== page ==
This makes sense when you consider that alcohol is the main source of calories in beers. Guinness Draught has a lower alcohol content, at 4.2% alcohol by volume (ABV), compared with 5% for Budweiser and Heineken, and 4.9% for the Samuel Adams Cream Stout.
In general, moderate alcohol consumption — defined by the USDA’s dietary guidelines for Americans as no more than two drinks per day for men or one drink per day for women — may protect against heart disease. So you can check off another box.

The not-so-great

Guinness is still alcohol, and consuming too much can impair judgment and contribute to weight gain. Heavy drinking (considered more than 15 drinks a week for men or more than eight drinks a week for women) and binge drinking (five or more drinks for men, and four or more for women, in about a two-hour period) are also associated with many health problems, including liver disease, pancreatitis and high blood pressure.
According to the National Council on Alcoholism and Drug Dependence, “alcohol is the most commonly used addictive substance in the United States: 17.6 million people, or one in every 12 adults, suffer from alcohol abuse or dependence along with several million more who engage in risky, binge drinking patterns that could lead to alcohol problems.”
And while moderate consumption of alcohol may have heart benefits for some, consumption of alcohol can also increase a woman’s risk of breast cancer for each drink consumed daily.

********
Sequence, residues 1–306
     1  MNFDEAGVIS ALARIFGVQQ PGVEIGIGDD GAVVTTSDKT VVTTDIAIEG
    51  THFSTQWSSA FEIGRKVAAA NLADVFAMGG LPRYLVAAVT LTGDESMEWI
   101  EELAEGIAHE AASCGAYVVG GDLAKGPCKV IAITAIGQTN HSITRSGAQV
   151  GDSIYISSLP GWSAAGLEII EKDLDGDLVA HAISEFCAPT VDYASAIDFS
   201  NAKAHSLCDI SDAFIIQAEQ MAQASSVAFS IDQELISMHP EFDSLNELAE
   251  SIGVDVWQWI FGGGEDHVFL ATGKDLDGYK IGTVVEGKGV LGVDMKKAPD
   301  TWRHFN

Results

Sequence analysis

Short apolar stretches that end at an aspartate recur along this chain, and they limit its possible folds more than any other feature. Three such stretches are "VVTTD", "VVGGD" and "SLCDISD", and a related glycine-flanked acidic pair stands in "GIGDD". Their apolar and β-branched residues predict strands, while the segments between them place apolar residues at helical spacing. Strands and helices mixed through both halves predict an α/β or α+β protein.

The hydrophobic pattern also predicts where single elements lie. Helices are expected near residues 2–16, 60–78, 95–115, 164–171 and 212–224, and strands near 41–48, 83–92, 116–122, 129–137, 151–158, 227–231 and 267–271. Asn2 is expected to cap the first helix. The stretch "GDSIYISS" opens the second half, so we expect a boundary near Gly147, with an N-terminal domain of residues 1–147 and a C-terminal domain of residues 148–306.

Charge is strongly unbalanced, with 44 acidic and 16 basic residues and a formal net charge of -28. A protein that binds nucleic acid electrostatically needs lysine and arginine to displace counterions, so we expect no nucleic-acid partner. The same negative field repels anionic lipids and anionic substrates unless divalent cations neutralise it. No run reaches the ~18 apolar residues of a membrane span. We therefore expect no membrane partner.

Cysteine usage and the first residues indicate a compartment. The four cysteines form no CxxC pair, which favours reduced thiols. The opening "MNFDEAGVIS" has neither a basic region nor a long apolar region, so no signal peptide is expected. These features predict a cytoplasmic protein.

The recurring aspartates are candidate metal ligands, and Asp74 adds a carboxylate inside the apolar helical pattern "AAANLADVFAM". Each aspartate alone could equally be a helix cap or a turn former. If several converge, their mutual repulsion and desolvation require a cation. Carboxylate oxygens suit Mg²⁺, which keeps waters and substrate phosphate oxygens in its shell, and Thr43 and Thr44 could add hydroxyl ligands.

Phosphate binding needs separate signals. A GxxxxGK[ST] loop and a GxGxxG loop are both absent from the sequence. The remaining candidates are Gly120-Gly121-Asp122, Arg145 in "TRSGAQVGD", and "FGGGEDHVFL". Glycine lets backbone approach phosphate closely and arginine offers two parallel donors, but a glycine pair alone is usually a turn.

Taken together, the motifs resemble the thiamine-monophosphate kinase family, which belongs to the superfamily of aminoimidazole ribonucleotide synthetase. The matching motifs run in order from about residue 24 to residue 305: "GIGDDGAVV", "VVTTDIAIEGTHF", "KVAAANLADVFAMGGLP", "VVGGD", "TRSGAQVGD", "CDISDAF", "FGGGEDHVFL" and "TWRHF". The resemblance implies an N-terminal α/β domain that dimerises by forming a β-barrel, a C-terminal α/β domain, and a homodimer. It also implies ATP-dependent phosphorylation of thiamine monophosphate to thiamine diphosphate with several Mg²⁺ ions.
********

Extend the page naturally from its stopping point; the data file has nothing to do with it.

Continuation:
How to stick with your exercise resolution: Drink beer
Many decades ago, in Ireland, it would not have been uncommon for a doctor to advise pregnant and nursing women to drink Guinness. But today, experts (particularly in the United States) caution of the dangers associated with consuming any alcohol while pregnant.
“Alcohol is a teratogen, which is something that causes birth defects. It can cause damage to the fetal brain and other organ systems,” said Dr. Erin Tracy, an OB/GYN at Massachusetts General Hospital and Harvard Medical School assistant professor of obstetrics, gynecology and reproductive gynecology. “We don’t know of any safe dose of alcohol in pregnancy; hence we recommend abstaining entirely during this brief period of time in a woman’s life.”
Regarding the old wives’ tale about beer’s effects on breastfeeding, Marnell added, “It’s not something that Guinness has perpetuated … and if (people are still saying it), I’d like to say once and for all, it’s not something we support or recommend.”
By Lisa Drayer, CNN


Bad wine. There’s so much good wine in the world that bad wine seems such an exceptional tragedy. But as we have all experienced at parties, receptions and your BFF’s ultra-cool gallery opening, bad wine does exist. Maybe there’s even a bottle or two of it in your kitchen that an unfortunate soul brought to your recent dinner party, with nothing but the purest of intentions (bless their heart).